The last decade was memorable for me in more ways than one. Ten years ago, in August 1995, an idea to start a lay organization to help patients with Parkinson’s disease (PD) took root. Two luminaries Mr. BG Shah and Dr Gandhi joined hands with me to realize this dream. Mr. BG Shah was a reputed and much sought after Charted Accountant and Dr Gandhi was a renowned Pediatric Surgeon and academician who laid the foundation of pediatric surgery in India. Despite demanding carriers both of them were keen to start work on this mammoth task. Both were afflicted with PD. But both successfully battled the disease for better part of their lives without letting it take ascendance. Both passed away in their ninth decade leaving behind an organization which began with three men toiling away in a basement but at the last count, boasts over 6000 members around the globe.
In the decade since its inception Parkinson’s Disease Foundation of India (PDFI) has not only grown in numbers but has also kept pace with innovations in information and technology. We have a dedicated Webpage, a quarterly newsletter and frequent seminars which provide a forum for patients, caregivers, doctors, paramedics and social workers involved in care of patients with PD to get together for dialogue and exchange of notes. All this while our aim has been to provide psychological support and educate patients and their families about Parkinson’s disease with the belief that an understanding of the disease paves way for early diagnosis, appropriate and timely treatment, improved compliance and better doctor patient interaction.
The last decade has seen many exciting developments in treatment of PD. Most medicines being used for Parkinson’s disease are available in India. We now have two new dopamine agonists – Ropinirole and Pramipexole in the market. Both of these are non ergot derivatives unlike their predecessor bromocriptine. Two other but lesser known dopamine agonists Travistal and Carbegoline are available too. Entacapone, a drug which blocks dopamine metabolism in the brain thereby prolonging the duration of action of levodopa is being widely prescribed. A new preparation of levodopa called Syndopa MD has been recently introduced. This is a dispersible formulation with very rapid onset of action. It is the ideal preparation when rapid ON is desired like, in early mornings.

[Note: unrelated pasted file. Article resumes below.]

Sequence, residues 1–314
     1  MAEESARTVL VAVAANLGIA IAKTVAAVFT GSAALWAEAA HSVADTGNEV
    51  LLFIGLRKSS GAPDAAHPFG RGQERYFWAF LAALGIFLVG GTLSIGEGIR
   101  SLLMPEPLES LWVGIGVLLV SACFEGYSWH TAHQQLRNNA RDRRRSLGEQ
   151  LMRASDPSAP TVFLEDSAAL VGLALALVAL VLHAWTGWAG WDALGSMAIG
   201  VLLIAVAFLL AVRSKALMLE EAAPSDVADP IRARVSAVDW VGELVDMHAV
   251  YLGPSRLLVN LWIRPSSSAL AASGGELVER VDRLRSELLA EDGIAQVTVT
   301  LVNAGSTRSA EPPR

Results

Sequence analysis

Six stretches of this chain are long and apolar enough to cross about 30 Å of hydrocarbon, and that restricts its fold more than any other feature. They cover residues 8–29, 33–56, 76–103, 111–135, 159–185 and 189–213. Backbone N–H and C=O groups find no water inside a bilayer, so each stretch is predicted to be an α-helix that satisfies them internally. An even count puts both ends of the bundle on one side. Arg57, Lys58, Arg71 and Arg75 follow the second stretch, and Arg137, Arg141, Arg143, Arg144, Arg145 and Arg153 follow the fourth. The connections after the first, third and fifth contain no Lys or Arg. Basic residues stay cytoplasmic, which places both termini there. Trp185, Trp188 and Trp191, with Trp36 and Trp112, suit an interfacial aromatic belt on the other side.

Over the last decade surgery for Parkinson’s disease too has become a well accepted treatment modality. Long term follow up of patients enrolled in multi-center trial of deep brain stimulation (DBS) of either subthalamic nucleus (STN) or globus pallidus (GPi) has shown that the treatment continues to provide significant benefit even after four years. One such study was conducted at eight centers across Europe and Canada. It included 49 DBS STN patients and 20 DBS GPi patients. There was a decrease in percentage of OFF time and percentage of ON time with dyskinesias, after surgery. The levodopa equivalent dose fell from 1039mg/day to 859 mg/day for the STN patients; for the GPI patients it rose from 1074mg/day to 1418mg/day (the difference is statistically insignificant). Many new drugs are under study. An ADAGIO study (Attenuation of Disease progression with AGILECT/AZILECT Once –daily) is underway. It is the largest clinical trial so far, to investigate disease modification in PD. Patients are being enrolled in Europe and North America. It will determine if Rasagiline can modify progression of PD. An entirely different treatment rationale is being explored in the US. A Cancer Prevention Study II Nutritional Cohort examined 147000 men and women from 1992 onwards. These people were questioned about use of painkillers they took and – on follow up – on incidence of PD. Surprisingly the ones who used painkillers had a 35% lower risk of developing PD than nonusers. This suggests that inflammation may be a pathogenic mechanism in PD. As collary anti-inflammatory drugs may be the new panacea. But this remains to be studied further. Though steeped in controversy stem cell research continues to stir excitement.
What the next decade will be like is yet to unfold. Where we go from here remains uncharted. But the future definitely looks promising!
Dr MOHIT BHATT